In a recent post, I expressed my discomfort with how Nick Srnicek invokes the notion of data as a raw material in his Platform Capitalism. In a footnote on loc 1102-1121, he offers a Marxist justification for this use:
I draw here upon Marx’s definition of raw material: ‘The land (and this, economically speaking, includes water) in the virgin state in which it supplies man with necessaries or the means of subsistence ready to hand, exists independently of him, and is the universal subject of human labour. All those things which labour merely separates from immediate connexion with their environment, are subjects of labour spontaneously provided by Nature. Such are fish which we catch and take from their element, water, timber which we fell in the virgin forest, and ores which we extract from their veins. If, on the other hand, the subject of labour has, so to say, been filtered through previous labour, we call it raw material; such is ore already extracted and ready for washing’ (Marx, 1990: 284–5, emphasis added).
The distinction between natural and processed helps address the charge that data-as-raw-material naturalises data but it doesn’t avoid it all together. It recognises that usable data is always processed and cleaned prior to use, ‘filtered through previous labour’ both directly (wrangling etc) and indirectly (socio-technical systems of generation, capture, storage and analysis).
But does it obscure the character of its applications? The original sources of this ‘raw material’ are intensely social, unlike that extracted from nature, arising from the digitalisation of action and transaction within a market economy. The applications of this ‘raw material’ are intensely variable, with data sometimes being a direct source of value that can be realised through a linear activity, other times being an informational good that can be used to coordinate and calibrate and perhaps more often being a source of confusion and speculation.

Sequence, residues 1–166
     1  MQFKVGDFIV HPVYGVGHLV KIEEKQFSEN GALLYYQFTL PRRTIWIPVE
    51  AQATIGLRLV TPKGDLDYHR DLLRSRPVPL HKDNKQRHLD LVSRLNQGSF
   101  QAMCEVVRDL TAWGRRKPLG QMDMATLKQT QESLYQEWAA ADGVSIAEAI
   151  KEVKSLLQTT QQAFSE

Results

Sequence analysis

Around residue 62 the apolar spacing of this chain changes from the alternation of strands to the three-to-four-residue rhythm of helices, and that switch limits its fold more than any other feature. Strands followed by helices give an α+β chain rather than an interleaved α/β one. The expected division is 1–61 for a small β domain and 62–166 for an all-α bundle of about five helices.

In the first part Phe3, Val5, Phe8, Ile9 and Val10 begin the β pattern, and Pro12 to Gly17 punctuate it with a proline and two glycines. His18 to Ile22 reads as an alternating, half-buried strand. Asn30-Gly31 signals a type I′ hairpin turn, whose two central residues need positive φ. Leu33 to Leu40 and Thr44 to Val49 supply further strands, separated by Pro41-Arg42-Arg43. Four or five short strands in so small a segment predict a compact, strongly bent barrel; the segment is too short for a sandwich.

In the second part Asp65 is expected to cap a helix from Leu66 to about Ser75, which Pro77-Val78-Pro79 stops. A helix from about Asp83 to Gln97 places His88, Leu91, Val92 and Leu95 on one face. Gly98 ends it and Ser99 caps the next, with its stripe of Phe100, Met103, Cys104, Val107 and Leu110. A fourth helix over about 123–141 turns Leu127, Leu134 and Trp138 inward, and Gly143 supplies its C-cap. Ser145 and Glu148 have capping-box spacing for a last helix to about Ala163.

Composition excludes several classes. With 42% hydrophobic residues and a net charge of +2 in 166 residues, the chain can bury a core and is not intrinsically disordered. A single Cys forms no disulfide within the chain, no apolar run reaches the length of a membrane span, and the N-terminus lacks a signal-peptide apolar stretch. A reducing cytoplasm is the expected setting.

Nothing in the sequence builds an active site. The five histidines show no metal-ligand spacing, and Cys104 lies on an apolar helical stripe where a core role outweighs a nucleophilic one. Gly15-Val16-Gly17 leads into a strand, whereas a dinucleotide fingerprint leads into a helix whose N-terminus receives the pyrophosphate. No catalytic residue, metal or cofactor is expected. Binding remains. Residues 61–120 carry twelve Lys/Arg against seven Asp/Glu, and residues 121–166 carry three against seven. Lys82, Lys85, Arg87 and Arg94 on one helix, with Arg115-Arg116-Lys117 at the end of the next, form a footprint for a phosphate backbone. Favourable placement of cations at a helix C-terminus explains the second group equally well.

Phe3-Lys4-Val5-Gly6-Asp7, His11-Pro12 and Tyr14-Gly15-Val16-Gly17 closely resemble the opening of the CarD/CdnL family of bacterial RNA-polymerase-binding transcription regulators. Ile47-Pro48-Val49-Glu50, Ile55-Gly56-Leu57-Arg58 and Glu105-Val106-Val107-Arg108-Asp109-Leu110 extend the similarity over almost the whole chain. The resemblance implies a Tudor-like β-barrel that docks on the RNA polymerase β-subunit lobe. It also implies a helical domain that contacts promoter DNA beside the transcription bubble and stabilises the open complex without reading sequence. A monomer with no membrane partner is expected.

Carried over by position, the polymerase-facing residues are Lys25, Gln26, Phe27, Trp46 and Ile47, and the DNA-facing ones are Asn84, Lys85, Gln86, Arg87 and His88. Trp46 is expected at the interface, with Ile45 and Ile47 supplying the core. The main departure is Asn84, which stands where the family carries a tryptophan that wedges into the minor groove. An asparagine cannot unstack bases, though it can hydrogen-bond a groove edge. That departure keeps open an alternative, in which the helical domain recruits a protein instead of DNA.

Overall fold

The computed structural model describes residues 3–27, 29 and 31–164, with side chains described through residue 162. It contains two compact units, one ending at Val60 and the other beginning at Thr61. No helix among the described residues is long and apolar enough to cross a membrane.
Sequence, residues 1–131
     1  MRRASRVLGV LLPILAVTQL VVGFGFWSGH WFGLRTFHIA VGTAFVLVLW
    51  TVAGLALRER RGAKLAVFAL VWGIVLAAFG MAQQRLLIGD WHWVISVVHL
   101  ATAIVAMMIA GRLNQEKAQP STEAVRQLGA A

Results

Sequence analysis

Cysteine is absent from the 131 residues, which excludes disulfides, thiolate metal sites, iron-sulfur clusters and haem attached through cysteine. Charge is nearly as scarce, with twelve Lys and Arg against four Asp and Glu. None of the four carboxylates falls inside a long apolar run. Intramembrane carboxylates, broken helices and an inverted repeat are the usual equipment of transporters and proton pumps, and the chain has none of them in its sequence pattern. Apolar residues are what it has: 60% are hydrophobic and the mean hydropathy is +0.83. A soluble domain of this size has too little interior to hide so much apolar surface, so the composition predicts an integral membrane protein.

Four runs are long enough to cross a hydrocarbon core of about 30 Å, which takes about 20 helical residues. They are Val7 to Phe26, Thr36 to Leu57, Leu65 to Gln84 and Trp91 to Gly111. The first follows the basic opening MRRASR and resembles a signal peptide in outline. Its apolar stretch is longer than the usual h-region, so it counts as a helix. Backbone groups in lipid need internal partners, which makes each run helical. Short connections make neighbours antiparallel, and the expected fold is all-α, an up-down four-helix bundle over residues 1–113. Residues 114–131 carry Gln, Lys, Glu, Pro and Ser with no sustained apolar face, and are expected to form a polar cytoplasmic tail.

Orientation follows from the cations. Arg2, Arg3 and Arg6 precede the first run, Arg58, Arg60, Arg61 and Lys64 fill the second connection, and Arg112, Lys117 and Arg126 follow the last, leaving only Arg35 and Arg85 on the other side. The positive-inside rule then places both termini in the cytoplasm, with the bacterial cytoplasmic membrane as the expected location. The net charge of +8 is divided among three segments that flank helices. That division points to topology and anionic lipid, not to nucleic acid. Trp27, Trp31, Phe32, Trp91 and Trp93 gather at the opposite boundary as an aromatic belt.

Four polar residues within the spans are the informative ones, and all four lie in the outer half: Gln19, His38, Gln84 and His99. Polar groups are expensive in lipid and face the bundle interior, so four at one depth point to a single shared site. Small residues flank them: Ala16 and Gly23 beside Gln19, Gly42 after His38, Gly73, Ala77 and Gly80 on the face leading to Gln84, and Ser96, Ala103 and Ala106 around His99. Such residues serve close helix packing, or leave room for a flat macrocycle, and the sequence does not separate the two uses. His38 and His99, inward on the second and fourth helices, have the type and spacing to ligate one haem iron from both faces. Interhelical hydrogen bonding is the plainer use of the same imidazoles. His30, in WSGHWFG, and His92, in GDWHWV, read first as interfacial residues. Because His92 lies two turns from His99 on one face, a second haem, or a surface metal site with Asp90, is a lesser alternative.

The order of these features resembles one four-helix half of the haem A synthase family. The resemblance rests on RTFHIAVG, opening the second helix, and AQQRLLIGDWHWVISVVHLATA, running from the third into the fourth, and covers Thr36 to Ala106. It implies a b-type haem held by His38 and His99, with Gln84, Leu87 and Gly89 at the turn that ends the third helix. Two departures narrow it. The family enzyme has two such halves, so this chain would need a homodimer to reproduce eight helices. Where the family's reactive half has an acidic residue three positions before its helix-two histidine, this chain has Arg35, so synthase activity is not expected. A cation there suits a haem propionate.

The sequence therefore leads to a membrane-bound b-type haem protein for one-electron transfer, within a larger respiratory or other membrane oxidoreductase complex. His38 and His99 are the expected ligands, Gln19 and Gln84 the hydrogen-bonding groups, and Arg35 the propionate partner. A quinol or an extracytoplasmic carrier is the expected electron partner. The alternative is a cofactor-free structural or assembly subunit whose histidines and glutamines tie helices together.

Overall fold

It would take constructionism too far to deny the ontology of data. Indeed, I think a concern for the ontology of data is a crucial vector through which we can understand the ideology of data. But we nonetheless need to carefully unpick the way ‘data’ is represented by social actors, the interests served by this and the discursive architecture through which these interests are advanced in different organisational settings.
There’s a fascinating example of this ideology which Srnicek quotes on loc 1296:
If collecting and analysing this raw material is the primary revenue source for these companies and gives them competitive advantages, there is an imperative to collect more and more. As one report notes, echoing colonialist ventures: ‘From a data-production perspective, activities are like lands waiting to be discovered. Whoever gets there first and holds them gets their resources –in this case, their data riches.’ For many of these platforms, the quality of the data is of less interest than their quantity and diversity. Every action performed by a user, no matter how minute, is useful for reconfiguring algorithms and optimising processes. Such is the importance of data that many companies could make all of their software open-source and still maintain their dominant position due to their data. Unsurprisingly, then, these companies have been prolific purchasers and developers of assets that enable them to expand their capacity for gaining information. Mergers relating to big data, for instance, have doubled between 2008 and 2013.
How seriously should we take this? My instinct is to say ‘not very’. The notion that alldata is of potential value is licensing massive investment and expansion, entrenching the position of precisely those who are speaking most authoritatively in relation to this transition. To be sceptical of a gold rush doesn’t mean you’re denying the existence of gold, it just means you’re sceptical about the exuberance surrounding the search and how it is being deployed by some to benefit their own self-interest. The distinction between the ontology of data and the ideology of data matters.
Categories: Digital Sociology